Supplier Performance Scorecards & Supplier Stratification: Part 2
This is the second of a two-part series. In case you missed it, the first section focused on Supplier Performance Scorecards. This second blog will explore Supplier Stratification.
Supplier performance scorecards and supplier stratification modeling are related concepts, but very different in how they should be used. A supplier performance scorecard program should be used between an organization and its suppliers as a means of evaluating the performance of the suppliers against mutually agreed upon or accepted criteria. Supplier stratification should be an internal metric, where an organization takes other criteria (one of which can be the scorecard metric) and combines them to rank its suppliers (traditionally in an ABCD type model). The information below will help guide anyone wanting to implement either concept in their organization. Successful implementation of these concepts will have a positive impact on supplier relationships, operational efficiency, and improvement of EBITDA.
Stratification is the process of categorizing all suppliers based on a defined set of criteria to gain an understanding of your supply base and its critical aspects, and adjusting resource allocations in response to the findings.
Why stratify your supplier base?
There are myriad reasons why an organization would and should want to stratify its suppliers:
- Too many suppliers
- Time spent per supplier is little or untraceable
- Difficulty or inability to analyze supplier base
- Difficulty or inability to reduce supplier base
- Suppliers are too easily added (maverick effect: Where suppliers are added for one-off purchases, never to be purchased from again)
Stratifying the supplier base of an organization allows for collaborative partnerships to be formed through the segmentation of the supplier base into smaller and more manageable categories. This feeds directly into the concept of strategic supplier relationships, in which you will be able to identify the suppliers your organization targets to do business with, the ones the organization must do business with, and the suppliers that the organization could likely do without.
Best practices criteria
Many organizations that attempt to stratify their suppliers do so based on only one or two factors (usually landed cost and cost of goods sold). A more comprehensive methodology is a combination of taking the final rank from the supplier scorecard exercise and then adding a few more factors, as shown below.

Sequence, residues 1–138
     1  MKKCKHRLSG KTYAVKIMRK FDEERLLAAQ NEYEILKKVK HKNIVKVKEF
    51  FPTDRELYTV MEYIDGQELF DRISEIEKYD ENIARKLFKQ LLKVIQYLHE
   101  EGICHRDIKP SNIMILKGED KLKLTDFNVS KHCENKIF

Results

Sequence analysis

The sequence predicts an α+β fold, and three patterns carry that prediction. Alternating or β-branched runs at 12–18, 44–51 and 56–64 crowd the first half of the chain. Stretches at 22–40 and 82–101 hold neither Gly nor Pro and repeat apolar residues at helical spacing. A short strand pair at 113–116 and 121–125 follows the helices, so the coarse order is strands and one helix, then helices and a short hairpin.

This is a simple calculation of overall profitability of each supplier’s products. This allows an organization to determine who really has the pricing power (the supplier or the organization), and can assist the organization with establishing goals for improvement.
This is the scorecard ranking already discussed above. Use a supplier’s known performance (based on these and other metrics) to help guide the stratification process.
From a distribution standpoint, the question of whether or not the supplier is exclusive frames this criterion. From an end user perspective, the scoring can be done by asking, from how many other suppliers can the organization purchase the brands currently bought from the supplier being scored.
This is related to the level of support an organization must provide for less than cost to drive sales of a supplier’s product. This includes any ancillary items such as technical support, warranties, repair, or other services that can often cost more than the customer is willing to pay.
Understanding that not every organization is a distributor, there are many other criteria that can be used to stratify the supplier base. One manufacturer of gases and chemicals used the following criteria to successfully stratify:
The key is to find valid data points that are measurable and whose variance can have an impact on your organization’s bottom line.
Scorecarding and stratifying the supply base can result in many powerfully compelling benefits, from ensuring optimal allocation of time and resources (which are already limited and sometimes compromised), to creating opportunities for strategic partnerships. Implementing these concepts will have a direct impact on your organization’s EBITDA and cost savings, and allow for maximizing of value for the organization as well as its customers.
If you would like further insight into how to best score and stratify your business suppliers, contact the Epicor Business Consulting Services team. Members of this group are authorities in distribution and manufacturing best practices, ERP management, project management, change management, and business process re-engineering. Visit www.epicor.com.